Bloomberg New Energy Finance has a must-read piece for investors on how the smart money is beginning to notice the quicksand on which fossil fuel stock prices are built.
We reported back in April that BNEF said 70 percent of new power generation capacity added between 2012 and 2030 will be from renewable technologies (including large hydro).
Indeed, BNEF founder Michael Liebreich posed a good news, bad news story back then:
“By 2030, the growth in fossil fuel use will almost have stopped,” Liebreich told renewable-energy investors…. “We’re told that it needs to happen by 2020” in order to prevent irreversible climate damage. “That won’t happen. But by 2030, it pretty much will.”
Yes, homo “sapiens” will miss by just 10 years or so the window to avert catastrophic climate change — resulting in possibly hundreds of years of misery for billions and billions of people. The tragic irony is the fossil fuel industry is essentially doomed no matter what — but humanity wouldn’t be, if we were just a tad more “sapiens.”
We reported in August that a Goldman Sachs research paper concluded the “window for profitable investment in coal mining is closing” — same for for coal exports.
Now BNEF points out that much the same is true for oil investments:
Last month 70 investors representing $3 trillion of assets under management sent letters to oil-and-gas companies asking them to disclose plans for adapting to a world that may be edging closer to peak fossil fuels. That’s the point when humans stop increasing their annual burn – either because the environmental danger makes it too costly or because buildings and cars run more efficiently. BNEF says peak demand could happen in 2030.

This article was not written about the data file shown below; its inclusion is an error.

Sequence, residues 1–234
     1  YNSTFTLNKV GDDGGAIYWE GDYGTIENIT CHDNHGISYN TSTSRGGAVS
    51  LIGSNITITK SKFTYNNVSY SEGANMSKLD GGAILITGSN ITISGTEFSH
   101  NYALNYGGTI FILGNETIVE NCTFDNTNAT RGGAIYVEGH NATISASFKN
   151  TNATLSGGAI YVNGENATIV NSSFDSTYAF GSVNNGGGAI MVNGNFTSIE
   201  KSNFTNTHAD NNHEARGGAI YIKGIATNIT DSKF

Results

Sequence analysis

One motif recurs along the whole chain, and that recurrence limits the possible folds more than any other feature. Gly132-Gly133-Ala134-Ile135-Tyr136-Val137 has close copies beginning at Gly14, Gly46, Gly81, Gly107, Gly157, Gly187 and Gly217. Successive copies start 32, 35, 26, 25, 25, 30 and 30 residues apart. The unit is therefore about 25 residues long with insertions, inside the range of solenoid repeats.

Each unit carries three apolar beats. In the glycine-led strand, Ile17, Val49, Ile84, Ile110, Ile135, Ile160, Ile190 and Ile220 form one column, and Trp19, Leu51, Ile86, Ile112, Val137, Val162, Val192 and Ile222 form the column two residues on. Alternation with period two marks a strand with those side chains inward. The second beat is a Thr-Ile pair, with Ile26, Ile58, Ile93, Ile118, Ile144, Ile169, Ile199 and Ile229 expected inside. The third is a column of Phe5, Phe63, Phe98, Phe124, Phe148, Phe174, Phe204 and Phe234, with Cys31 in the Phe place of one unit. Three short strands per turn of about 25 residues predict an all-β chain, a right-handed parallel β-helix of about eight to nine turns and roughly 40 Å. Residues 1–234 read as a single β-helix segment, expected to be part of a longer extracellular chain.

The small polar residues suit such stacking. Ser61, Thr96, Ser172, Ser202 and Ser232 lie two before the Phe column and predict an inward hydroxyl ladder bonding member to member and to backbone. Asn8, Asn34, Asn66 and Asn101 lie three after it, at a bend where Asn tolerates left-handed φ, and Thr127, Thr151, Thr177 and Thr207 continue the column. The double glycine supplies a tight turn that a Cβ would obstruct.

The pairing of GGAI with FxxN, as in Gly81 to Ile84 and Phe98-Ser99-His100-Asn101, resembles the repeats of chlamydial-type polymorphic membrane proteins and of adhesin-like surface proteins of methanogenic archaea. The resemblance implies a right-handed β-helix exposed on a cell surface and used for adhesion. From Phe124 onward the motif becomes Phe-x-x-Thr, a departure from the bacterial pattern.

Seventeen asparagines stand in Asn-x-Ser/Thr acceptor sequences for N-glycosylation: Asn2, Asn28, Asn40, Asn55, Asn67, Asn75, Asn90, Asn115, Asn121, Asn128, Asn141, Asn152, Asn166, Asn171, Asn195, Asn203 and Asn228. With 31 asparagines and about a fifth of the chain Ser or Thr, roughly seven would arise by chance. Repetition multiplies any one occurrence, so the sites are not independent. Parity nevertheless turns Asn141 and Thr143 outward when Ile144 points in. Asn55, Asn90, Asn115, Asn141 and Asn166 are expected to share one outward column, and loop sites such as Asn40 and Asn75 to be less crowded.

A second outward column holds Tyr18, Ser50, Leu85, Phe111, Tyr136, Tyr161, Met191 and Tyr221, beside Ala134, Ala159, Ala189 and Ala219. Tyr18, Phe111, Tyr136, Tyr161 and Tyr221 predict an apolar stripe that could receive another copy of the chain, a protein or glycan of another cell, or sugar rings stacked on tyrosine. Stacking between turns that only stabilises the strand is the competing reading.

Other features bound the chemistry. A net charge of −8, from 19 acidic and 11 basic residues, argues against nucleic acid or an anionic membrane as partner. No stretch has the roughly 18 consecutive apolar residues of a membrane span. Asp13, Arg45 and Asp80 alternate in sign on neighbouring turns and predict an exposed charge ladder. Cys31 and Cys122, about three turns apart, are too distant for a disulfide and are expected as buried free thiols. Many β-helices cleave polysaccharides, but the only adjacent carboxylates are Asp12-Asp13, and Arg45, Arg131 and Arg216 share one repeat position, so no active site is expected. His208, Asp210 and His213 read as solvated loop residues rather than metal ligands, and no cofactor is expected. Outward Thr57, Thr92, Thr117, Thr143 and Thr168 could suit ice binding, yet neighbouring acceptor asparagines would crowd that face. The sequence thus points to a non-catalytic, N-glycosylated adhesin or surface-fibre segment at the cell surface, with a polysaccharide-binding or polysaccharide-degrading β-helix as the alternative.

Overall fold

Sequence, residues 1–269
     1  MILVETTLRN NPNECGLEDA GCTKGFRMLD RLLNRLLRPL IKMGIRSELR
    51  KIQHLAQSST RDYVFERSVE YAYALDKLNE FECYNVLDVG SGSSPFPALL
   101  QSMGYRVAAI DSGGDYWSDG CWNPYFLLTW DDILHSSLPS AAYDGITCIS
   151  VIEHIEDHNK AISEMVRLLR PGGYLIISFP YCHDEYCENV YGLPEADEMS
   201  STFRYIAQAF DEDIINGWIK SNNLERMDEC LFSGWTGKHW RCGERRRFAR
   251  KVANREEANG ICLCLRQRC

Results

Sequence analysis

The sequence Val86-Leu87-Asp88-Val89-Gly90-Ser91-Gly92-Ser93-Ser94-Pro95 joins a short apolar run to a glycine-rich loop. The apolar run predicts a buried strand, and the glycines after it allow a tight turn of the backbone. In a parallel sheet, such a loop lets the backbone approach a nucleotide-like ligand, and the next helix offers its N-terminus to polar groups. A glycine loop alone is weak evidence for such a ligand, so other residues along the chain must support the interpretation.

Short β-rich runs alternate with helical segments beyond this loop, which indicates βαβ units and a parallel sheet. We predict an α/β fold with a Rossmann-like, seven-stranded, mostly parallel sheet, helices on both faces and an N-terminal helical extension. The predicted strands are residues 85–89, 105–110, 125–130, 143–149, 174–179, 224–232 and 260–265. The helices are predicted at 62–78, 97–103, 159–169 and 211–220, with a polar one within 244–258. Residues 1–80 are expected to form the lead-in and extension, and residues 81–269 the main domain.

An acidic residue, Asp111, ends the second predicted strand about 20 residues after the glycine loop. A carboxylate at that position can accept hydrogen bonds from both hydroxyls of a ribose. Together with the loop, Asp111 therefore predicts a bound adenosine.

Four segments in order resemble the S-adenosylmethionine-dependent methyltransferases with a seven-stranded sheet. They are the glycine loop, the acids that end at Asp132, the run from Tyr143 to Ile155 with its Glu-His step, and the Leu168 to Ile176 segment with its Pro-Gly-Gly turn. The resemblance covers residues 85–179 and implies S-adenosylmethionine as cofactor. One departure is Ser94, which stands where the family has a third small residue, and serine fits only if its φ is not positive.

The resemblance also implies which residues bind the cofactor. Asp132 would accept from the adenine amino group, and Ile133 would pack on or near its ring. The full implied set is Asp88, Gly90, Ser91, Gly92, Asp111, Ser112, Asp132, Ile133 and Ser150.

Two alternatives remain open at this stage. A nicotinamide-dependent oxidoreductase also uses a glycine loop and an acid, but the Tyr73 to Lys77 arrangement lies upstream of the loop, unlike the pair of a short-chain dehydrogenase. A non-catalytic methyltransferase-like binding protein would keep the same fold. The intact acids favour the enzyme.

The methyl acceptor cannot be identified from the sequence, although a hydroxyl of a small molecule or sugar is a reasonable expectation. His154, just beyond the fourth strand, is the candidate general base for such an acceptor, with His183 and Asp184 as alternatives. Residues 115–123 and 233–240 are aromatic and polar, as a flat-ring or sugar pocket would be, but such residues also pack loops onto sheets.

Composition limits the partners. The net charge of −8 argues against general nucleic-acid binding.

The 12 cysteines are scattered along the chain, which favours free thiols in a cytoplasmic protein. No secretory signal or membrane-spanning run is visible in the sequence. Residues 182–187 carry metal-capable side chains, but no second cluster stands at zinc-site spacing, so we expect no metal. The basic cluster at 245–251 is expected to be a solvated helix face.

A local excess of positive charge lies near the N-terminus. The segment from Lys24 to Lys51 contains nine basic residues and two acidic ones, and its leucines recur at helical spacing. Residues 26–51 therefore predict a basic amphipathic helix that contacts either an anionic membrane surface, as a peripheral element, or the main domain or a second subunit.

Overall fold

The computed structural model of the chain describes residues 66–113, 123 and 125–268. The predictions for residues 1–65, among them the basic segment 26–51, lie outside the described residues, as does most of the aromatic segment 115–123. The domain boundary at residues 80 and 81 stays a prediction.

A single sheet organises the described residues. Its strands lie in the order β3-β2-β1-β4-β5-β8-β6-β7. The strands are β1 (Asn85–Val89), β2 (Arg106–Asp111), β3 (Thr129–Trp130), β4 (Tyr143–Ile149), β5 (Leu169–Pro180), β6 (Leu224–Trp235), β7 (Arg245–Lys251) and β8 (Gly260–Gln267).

The risk: Oil and coal companies worth more than $7 trillion may be sinking billions of dollars today into projects that will never make sense to finish.
A key point of this article is that it isn’t just enviros saying the days of fossil fuel are numbered. We have institutional investors, Goldman Sachs, Bloomberg New Energy Finance and many, many others in the financial industry:
In 2013, so-called carbon-asset risk “went from a conceptual possibility to a sort of near-and-present reality,” Nick Robins, head of the Climate Change Center at HSBC Holdings Plc in London, said in a phone interview. He wrote a research note in January valuing the risk of “unburnable reserves”: the oil and coal on companies’ balance sheets that will be too expensive to extract. “There is this undertow of demand destruction going on through technological improvement. That’s certainly not fully priced at the moment.”
And that’s without even considering the possibility of the world coming to its senses on the threat posed by unrestricted carbon pollution in time to avert the worst.
“The end is nigh” for global oil-demand growth, proclaimed a Citigroup report in March. Standard & Poor’s cautioned that a patchwork of policies that cut demand for fuels could lead to outlook revisions and downgrades in smaller oil-and-gas companies as early as next year, with a similar shock to the majors in 2016. Goldman Sachs’s advice to oil companies: “invest only in medium-/high-return projects, spend the rest of their cash on buybacks and focus on per share growth.” Translation: prepare to shrink the business.
Divesting from fossil fuels isn’t risky. Not divesting is.